The result is that behavior that Westerners would find abhorrent and intolerable for themselves or anyone else is still somehow rationalized and unopposed when done by Israelis. Israel was indirectly complicit in the slaughter of innocents in the refugee camps of Sabra and Shatila in Lebanon in 1982. In 1996, Israeli bombs hit a U.N. refugee camp at Qana in southern Lebanon, killing around 100 civilians. Now history has indeed repeated itself as tragedy in Qana, where an Israeli attack killed more than 50 civilians last Sunday.

How many Israelis, Palestinians and Lebanese have been killed? Of the total number killed, what proportion are civilians? The answers will confirm or give the lie to either side claiming the moral high ground. Based on the relative kill ratios, form your own conclusions and make your own judgments, if you have the requisite moral courage and intellectual integrity.

There is no moral equivalence between Israel prepared to live in peace if left alone but go to war otherwise, and terrorist organizations dedicated to the destruction of Israel who deliberately blow up busloads of school kids. But the wanton war on Lebanon makes the distinction that little bit thinner. Do Israelis witness the daily scenes of carnage from Lebanon that is the staple of news coverage in most of the world?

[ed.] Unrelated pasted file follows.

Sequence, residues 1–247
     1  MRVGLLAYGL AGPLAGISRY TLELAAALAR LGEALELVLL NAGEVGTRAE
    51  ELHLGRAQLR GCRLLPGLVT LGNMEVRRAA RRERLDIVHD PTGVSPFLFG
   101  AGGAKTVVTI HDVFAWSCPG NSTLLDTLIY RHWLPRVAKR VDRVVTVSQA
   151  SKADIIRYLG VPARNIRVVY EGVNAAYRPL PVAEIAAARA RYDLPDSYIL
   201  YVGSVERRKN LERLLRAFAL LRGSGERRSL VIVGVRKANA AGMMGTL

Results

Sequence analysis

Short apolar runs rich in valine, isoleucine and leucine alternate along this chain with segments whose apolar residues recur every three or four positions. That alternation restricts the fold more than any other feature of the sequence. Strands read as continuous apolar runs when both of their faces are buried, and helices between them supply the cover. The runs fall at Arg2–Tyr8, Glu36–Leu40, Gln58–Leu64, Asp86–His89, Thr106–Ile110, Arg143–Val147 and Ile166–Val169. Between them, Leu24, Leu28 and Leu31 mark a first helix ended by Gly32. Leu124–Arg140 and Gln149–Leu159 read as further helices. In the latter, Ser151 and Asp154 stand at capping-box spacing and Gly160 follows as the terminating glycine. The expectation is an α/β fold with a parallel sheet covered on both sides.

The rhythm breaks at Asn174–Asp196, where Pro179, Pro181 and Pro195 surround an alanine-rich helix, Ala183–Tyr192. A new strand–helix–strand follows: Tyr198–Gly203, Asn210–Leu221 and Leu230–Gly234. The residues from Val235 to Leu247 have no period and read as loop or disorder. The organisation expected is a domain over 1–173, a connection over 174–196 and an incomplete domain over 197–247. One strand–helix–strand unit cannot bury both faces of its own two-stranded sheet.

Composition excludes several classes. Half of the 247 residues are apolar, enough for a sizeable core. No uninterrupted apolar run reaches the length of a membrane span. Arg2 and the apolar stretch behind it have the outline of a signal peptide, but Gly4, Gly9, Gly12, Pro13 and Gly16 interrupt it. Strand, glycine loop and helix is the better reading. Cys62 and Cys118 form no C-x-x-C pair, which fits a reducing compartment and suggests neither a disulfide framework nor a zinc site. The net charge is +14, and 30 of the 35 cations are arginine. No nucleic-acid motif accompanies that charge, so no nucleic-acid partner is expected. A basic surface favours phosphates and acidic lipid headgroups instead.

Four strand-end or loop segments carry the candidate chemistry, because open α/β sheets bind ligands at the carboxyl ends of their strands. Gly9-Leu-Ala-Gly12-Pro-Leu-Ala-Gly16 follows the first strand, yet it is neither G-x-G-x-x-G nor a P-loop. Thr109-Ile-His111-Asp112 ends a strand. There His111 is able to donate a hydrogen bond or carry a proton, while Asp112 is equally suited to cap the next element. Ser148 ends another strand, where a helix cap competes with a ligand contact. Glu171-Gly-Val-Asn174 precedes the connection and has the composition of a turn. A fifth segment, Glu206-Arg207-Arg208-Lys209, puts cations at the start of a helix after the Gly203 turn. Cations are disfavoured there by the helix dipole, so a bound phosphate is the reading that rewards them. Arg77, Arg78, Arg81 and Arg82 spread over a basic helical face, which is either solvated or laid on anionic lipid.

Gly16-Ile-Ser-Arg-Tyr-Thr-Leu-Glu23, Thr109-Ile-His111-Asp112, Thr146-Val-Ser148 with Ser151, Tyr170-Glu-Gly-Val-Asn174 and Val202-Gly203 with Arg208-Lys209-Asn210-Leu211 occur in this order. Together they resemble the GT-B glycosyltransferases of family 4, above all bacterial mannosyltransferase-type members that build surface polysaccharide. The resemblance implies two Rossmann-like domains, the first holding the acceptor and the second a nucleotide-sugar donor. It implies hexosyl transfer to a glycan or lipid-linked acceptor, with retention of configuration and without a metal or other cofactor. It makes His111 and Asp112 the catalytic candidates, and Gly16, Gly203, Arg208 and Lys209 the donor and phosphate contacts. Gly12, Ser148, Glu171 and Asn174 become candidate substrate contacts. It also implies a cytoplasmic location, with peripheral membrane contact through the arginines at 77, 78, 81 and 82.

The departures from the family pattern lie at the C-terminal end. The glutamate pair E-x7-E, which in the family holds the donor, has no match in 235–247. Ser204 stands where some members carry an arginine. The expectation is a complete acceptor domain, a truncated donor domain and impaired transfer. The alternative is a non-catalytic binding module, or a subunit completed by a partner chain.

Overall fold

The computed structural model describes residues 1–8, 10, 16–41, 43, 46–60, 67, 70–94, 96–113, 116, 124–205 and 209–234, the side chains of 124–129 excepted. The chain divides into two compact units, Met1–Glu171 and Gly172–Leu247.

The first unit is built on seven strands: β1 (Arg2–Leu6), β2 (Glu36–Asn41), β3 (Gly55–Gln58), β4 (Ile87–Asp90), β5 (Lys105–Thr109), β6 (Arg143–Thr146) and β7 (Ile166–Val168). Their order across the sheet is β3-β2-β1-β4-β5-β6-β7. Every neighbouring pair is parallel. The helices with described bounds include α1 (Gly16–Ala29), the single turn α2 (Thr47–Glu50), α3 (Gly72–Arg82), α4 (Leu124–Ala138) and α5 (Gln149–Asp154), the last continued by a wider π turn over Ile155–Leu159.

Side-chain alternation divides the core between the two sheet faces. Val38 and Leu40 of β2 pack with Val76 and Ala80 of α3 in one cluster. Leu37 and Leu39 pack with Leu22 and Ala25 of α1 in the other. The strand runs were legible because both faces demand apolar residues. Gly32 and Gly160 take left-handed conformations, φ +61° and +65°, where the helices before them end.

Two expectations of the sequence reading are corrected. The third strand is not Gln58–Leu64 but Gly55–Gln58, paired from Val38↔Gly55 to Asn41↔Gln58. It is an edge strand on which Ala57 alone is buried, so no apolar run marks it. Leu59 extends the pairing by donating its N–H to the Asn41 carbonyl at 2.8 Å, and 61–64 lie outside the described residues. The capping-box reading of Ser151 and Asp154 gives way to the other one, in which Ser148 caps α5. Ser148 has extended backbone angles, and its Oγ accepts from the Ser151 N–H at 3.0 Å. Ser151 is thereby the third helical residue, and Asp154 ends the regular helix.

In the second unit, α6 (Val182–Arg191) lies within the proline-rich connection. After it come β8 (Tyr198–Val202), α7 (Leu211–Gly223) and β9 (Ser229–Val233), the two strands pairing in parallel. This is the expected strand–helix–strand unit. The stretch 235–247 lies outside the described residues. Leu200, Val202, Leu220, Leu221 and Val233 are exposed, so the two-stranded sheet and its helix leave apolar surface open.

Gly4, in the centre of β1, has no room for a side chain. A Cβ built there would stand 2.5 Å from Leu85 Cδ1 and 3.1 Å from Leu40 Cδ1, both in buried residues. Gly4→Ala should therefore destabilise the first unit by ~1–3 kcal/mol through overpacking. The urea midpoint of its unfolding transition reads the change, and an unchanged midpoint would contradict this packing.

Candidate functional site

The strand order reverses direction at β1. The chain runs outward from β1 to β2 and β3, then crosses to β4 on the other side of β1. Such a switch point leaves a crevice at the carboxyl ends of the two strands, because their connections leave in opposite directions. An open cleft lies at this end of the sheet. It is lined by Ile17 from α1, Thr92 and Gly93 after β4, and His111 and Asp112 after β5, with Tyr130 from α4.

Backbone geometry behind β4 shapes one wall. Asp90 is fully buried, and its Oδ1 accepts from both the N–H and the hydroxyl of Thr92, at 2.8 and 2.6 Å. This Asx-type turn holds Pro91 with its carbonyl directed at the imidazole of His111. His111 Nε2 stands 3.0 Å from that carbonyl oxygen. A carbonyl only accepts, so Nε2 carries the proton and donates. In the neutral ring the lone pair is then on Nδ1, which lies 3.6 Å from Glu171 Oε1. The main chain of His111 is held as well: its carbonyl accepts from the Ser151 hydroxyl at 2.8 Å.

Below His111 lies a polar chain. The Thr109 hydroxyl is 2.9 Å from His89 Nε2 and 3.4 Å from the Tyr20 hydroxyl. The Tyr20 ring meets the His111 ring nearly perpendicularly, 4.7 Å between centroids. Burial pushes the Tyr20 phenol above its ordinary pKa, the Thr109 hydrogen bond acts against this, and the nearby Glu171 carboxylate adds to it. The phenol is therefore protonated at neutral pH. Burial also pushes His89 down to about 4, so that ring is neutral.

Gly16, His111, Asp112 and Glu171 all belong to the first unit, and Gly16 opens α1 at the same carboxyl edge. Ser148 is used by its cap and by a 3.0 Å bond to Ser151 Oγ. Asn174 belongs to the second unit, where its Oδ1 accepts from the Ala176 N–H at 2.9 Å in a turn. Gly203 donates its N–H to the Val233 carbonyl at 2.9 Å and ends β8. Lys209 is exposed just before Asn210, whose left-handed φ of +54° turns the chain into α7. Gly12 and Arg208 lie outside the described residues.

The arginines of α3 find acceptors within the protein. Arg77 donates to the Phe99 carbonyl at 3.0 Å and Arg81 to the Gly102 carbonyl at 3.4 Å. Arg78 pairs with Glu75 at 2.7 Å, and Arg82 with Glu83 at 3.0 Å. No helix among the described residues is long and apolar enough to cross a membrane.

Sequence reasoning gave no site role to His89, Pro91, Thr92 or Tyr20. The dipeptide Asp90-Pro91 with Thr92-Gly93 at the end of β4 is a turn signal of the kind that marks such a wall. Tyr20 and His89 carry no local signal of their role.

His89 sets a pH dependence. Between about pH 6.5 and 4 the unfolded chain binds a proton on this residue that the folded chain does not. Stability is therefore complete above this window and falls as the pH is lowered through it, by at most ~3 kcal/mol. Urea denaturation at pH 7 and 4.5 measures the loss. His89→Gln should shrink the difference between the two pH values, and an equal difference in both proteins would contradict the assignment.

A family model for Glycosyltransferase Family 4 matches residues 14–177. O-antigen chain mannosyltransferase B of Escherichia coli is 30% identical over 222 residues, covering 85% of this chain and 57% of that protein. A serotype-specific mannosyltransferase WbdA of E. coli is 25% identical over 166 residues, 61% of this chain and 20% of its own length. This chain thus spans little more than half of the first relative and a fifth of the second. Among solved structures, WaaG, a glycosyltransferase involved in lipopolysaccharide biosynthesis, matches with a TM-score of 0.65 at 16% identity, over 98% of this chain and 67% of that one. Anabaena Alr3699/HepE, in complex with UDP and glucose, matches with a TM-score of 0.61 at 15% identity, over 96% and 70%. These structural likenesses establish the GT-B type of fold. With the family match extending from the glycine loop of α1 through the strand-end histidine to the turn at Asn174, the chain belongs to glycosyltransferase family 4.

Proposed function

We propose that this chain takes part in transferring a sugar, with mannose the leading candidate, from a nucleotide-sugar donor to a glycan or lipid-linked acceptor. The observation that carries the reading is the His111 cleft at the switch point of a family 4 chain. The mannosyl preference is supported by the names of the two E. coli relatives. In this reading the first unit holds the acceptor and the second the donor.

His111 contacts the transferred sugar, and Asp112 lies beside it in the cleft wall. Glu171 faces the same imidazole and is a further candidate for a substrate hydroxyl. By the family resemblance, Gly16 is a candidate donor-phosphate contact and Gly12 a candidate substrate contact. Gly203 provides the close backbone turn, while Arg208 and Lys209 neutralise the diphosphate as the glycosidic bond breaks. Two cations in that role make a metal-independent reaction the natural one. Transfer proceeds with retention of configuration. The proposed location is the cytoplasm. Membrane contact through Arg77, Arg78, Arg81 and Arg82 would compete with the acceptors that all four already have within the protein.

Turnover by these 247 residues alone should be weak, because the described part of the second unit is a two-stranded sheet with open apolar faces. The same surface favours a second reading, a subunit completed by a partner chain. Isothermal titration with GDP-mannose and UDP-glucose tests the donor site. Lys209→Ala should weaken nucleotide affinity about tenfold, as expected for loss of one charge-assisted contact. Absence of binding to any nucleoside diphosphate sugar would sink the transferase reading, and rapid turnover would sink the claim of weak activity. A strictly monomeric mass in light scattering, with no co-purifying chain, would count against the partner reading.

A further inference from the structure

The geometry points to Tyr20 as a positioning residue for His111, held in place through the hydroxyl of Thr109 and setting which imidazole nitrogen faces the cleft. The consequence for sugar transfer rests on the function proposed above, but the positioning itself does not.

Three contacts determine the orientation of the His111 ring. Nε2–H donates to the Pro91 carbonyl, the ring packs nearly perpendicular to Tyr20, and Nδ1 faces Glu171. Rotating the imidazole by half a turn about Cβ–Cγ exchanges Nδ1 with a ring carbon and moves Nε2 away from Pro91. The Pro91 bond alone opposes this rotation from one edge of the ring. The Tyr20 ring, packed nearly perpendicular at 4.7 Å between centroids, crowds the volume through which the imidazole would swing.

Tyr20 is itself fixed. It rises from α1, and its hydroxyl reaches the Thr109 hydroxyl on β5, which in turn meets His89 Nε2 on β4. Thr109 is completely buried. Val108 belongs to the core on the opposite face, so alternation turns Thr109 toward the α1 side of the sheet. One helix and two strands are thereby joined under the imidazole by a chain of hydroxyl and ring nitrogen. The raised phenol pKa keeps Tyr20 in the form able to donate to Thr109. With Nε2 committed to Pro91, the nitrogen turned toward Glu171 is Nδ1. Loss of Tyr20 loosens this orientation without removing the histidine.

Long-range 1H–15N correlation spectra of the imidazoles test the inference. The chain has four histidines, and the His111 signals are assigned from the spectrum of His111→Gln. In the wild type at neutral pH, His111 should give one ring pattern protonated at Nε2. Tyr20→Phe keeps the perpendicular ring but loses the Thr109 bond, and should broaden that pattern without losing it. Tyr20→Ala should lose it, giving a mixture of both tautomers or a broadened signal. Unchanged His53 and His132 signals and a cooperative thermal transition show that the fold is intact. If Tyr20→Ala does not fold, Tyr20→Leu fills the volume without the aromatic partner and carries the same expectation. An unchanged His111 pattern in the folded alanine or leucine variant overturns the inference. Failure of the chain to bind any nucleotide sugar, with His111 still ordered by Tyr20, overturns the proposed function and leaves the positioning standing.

Israel’s decision to wage war does not reflect a society living in mortal fear of destruction by its enemies but springs instead from an arrogance of power and an indifference to human suffering by the “other” side. Human-rights advocacy demands an acknowledgment of duty of care by those ensconced in safety toward those living in zones of danger. Perhaps the Holocaust is too tall an obstacle for Westerners’ moral imagination to surmount in order to recognize the suffering of Arabs and Palestinians with anything even remotely resembling equal measure. It may be futile to expect significant progress on resolving the Middle East conflicts until an exorcism of the historical guilt over the Holocaust by the major Western powers.

The open Israeli contempt for U.N. peacekeeping and the deaths of unarmed international observers will make countries much more reluctant to contribute to a bolstered or replacement U.N. force. Having privileged its historic role as the ultimate guarantor of Israel’s security over the minimum degree of impartiality required to play an honest broker role, can the U.S. organize a multinational peacekeeping force?

Any U.S.-led or North Atlantic Treaty Organization force would be seen, resented and resisted as Israel’s instrument. The U.S. and its coalition of the dwindling are tied down in an increasingly lethal civil war in Iraq. According to the most recent U.N. report, the daily toll has reached an average of 100 civilians. The Taliban seem to be resurgent in Afghanistan, challenging NATO forces across increasingly expanding areas of the country. Enlarging the theater of conflict to Lebanon will merely confirm many Muslims’ suspicions of NATO as the armed wing of the Christian West against the rest.